Principles of an Argument Teacher Resources
Find Principles of an Argument educational ideas and activities
Showing 1 - 20 of 1,854 resources
New Review What is Meant by Returning to Fundamental Principles?
What did the Founding Fathers mean by the importance of continually returning to fundamental principles? Your young historians will analyze a series of quotations illustrating the fundamental ideals and principles of the United States Constitution, from liberty, order, and individual rights to rights of the accused and capital punishment.
11th - 12th Social Studies & History 13 Views 7 Downloads CCSS: Adaptable
Free Willy? An Argument Analysis of the Controversy over Captive Killer Whale Populations
An abused captive or a treasured performer? Given the rhetoric on both sides of the issue of captive killer whale populations the question arises, "Is it possible to have a rational discussion of this controversial topic?" Class members conduct an analysis of arguments presented by both sides, labeling those claims that can be supported and those that need additional information before deciding if the claim is true.
11th - 12th Science 8 Views 5 Downloads CCSS: Designed
Prepare your class for writing arguments with a presentation complete with examples and relevant comic strips. The presentation defines argument and lists the elements of argument. After getting a grasp of these concepts, pupils learn about different ways to use language, quotes, and other outside sources to strengthen their writing.
5th - 8th Language Arts 37 Views 38 Downloads CCSS: Adaptable
The Ethics of Outsourcing to China
After viewing clips from a documentary on factory work in China and US outsourcing, learners have a fishbowl discussion. They work in groups to build both personal points of view and strong arguments on the effects of outsourcing in China. This lesson includes excellent resources and wonderful discussion questions intended to engage learners in building an economic and global perspective of US business overseas.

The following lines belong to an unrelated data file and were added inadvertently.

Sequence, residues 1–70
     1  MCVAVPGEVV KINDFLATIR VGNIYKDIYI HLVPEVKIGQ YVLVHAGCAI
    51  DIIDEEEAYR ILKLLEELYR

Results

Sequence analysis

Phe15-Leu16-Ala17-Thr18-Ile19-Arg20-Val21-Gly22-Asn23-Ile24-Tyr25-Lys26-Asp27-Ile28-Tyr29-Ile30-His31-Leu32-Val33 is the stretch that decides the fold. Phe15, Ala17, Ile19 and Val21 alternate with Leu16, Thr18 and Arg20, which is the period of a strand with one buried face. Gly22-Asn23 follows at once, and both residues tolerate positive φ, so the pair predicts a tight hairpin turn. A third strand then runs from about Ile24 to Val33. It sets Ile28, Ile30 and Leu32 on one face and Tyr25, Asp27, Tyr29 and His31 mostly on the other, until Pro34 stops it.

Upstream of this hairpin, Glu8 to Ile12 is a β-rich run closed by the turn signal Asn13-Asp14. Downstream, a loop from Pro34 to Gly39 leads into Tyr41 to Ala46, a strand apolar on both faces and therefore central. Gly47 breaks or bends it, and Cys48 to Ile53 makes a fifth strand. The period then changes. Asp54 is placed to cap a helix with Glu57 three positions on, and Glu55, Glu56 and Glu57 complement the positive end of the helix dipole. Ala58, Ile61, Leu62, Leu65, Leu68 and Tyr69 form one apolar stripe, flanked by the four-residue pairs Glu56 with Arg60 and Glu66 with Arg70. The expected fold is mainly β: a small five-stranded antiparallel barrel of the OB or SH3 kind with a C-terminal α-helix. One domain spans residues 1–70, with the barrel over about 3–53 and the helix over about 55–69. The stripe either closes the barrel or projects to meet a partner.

9th - 12th Social Studies & History 91 Views 322 Downloads CCSS: Designed
Should Video Games be Regulated?
Persuade your pupils to take a stance on a variety of issues. Warm up with an activity that has class members walk to a yes or no sign based on their opinion. They then fill out a graphic organizer with persuasive arguments. After they are done practicing, writers evaluate information about video games, compose persuasive letters, and send final drafts of their letters to government officials.
6th - 8th Language Arts 48 Views 82 Downloads CCSS: Adaptable
New Review The Argument of the Declaration of Independence
When in the course of a course on historic American events, it becomes necessary for learners to examine, with decent respect, the Declaration of Independence, it becomes evident that there are six separate and equal parts of that document.